1959 Tojeiro-Jaguar: John (Toj) Tojeiro was a brilliant engineer and racing car designer, whose innovations helped to revolutionize race car design. Toj built the first of four Tojeiro-Jaguar's in 1956 in collaberation with Ecurie Ecosse. This is the fourth car which was designed to compete at Le Mans in 1959 where it retired. In its second race at the Goodwood TT, it was driven by a young Jim Clark and was crashed by co-driver Masten Gregory. For the TT, the car here was powered by a 3.8L Jaguar six-cylinder with fuel injection.
Model by PINKO 1/43
1959 Tojeiro-Jaguar: (1959 Le Mans) Impressed by the Tojeiro Mk II, Ecurie Ecosse engaged Tojeiro to build a car they would run alongside their Lister-Jaguar in 1958. Toj designed a longer wheelbase chassis than his previous Jaguar powered car, which helped cure the twitchy handling of the earlier chassis. Bodywork was sketched by famous seascape artist Cavendish Morton and formed into a streamlined aluminum body without the benefit of actual drawings! Powered by the 3.0L DOHC six-cylinder Jaguar XK engine, the new Tojeiro-Jaguar was faster than Ecurie Ecosse's Lister or Jaguar D-Types. For 1959, this car was built specifically for Le Mans. The team had high hopes for a repeat win there after a strong showing by the older Tojeiero-Jaguar in races leading up to Le Mans. Driven by veteran drivers and Le Mans winner Ron Flockhart with Jock Lawrence, they were running in 4th place when the troublesome 3.0L Jaguar XK engine developed a water leak and the engine seized in the 11th hour. After Le Mans, the car was run again at The Goodwood Tourist Trophy with Jim Clark and Masten Gregory driving. Unfortunately, Gregory planted the car hard into a sandbank, writing the car off.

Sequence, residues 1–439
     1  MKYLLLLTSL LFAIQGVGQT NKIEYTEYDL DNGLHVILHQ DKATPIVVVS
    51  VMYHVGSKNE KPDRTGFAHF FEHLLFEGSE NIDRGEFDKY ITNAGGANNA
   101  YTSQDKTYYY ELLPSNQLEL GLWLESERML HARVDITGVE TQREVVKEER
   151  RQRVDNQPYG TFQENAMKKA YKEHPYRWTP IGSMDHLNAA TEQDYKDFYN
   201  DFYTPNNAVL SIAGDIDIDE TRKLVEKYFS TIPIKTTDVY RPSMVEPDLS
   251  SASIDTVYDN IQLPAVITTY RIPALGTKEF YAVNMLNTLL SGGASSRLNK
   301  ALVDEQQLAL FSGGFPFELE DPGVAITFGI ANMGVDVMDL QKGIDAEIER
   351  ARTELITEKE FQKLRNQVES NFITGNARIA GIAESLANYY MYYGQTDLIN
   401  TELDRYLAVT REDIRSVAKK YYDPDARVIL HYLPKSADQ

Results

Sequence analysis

Lynx D-Type Replica